If you’re struggling to make ends meet or just not where you want to be financially, open your eyes and look around.
In most cases, your net worth mirrors the level of your closest friends. Is it time to start looking for some new friends?
I’ve asked that question hundreds of times on stage all over the world, and it never fails to get people fired up and even angry.
I’m not suggesting you go and unfriend all your friends just because they don’t have a lot of money. And I’m not suggesting that you choose your friends based on how much money they have.
However, as Einstein said, consciousness is contagious.
If you want more money, you should consider spending time with and befriending people with more money.
Exposure to people who are more successful than you are has the potential to expand your thinking and catapult your income. We become like the people we associate with, and that’s why winners are attracted to winners. In other segments of society, this is accepted, but the rich have always been lambasted for their predisposition to engage the company of people with similar financial success.
The reality is, millionaires think differently from the middle class about money, and there’s much to be gained by being in their presence. Perhaps even more surprising: Many millionaires are surprisingly humble and don’t view themselves as having “arrived.” Many of them believe millionaires are simply people who don’t know how to become billionaires.
After all, why would someone settle for millions if they possessed the awareness to earn billions? That’s why millionaires are always attempting to gain entry into that exclusive group of people who are among the wealthiest in the world.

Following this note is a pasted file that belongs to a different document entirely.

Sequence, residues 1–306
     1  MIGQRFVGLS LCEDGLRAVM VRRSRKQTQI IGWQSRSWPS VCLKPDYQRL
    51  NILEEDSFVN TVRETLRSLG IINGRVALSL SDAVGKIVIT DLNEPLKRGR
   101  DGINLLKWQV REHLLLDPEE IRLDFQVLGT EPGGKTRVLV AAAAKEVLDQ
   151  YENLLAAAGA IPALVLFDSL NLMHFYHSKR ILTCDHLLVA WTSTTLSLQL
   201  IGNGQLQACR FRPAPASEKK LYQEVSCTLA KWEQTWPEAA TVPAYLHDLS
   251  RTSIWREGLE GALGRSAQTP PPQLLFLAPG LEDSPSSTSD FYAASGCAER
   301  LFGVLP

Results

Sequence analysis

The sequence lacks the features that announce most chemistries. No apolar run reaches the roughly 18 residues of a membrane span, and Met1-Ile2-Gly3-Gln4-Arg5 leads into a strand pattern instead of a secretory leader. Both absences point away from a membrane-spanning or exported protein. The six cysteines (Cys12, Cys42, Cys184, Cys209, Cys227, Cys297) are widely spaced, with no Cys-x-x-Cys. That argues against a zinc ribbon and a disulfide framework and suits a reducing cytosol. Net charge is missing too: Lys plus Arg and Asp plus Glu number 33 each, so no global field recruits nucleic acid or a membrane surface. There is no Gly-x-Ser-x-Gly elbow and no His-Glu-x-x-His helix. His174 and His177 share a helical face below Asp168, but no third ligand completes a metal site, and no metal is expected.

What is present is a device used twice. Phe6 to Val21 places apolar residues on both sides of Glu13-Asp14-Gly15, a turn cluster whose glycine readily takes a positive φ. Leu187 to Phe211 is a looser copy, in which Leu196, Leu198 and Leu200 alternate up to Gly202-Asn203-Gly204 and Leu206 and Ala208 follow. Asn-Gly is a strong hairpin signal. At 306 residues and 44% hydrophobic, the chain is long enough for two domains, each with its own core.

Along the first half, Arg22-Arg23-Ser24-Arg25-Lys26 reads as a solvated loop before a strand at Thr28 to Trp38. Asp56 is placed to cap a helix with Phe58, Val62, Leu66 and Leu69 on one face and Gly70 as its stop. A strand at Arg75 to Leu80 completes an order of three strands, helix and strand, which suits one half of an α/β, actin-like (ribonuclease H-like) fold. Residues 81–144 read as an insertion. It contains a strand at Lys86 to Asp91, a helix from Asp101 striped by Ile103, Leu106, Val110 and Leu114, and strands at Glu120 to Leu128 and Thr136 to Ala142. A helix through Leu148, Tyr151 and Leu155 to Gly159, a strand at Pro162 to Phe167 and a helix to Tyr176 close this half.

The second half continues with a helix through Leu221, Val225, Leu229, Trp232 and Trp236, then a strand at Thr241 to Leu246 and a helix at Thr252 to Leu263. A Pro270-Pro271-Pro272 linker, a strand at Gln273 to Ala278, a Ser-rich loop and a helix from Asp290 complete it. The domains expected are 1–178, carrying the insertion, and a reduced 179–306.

The average person wants to meet a millionaire to tell their friends they met a millionaire. Millionaires, on the other hand, want to associate with billionaires to learn how they think. One group is watching the game; the other is playing the game. They only question that matters: Which one are you?
Honestly ask yourself: How many rich people are in your inner circle of associates and advisors? Set a goal in the New Year to double the amount of time you spend associating with people who are richer than you are. Doing so just might make you rich.
The correlation between your friends and your level of wealth is one that is taught improperly from the start.
Most parents never teach their kids about the importance of making contacts. They hope their kids are popular and make friends so they enjoy their days in school.
Wealthy parents have a different approach. Sure, they want their children to enjoy their years growing up. But they also know that building contacts, even as early as high school, can make the difference between a life of average success and one filled with uncommon opportunity. While most parents are hoping their kid becomes the quarterback of the football team or the most popular cheerleader, the rich are concerned about building the child’s social infrastructure for the future.
The message of associating with the wealthy often sounds elitist or discriminatory against the middle class. But it’s not. It’s nice to say everyone, regardless of financial status, has access to all the good things in life. It’s also naïve and untrue. Right or wrong, wealth offers privileges, and one of the most fundamental ways to start the wealth-generating process is to get around rich people and watch how they think. It’s an eye-opening experience.
The bottom line: Like attracts like. People with high-level formal education like to associate with the academic elite. Physically fit people enjoy spending time with others who are fit. Religious people like to have fellowship with people of faith. And rich people like to associate with others who are rich.
As Will Rogers said, “A man only learns in two ways: one by reading, and the other by association with smarter people.”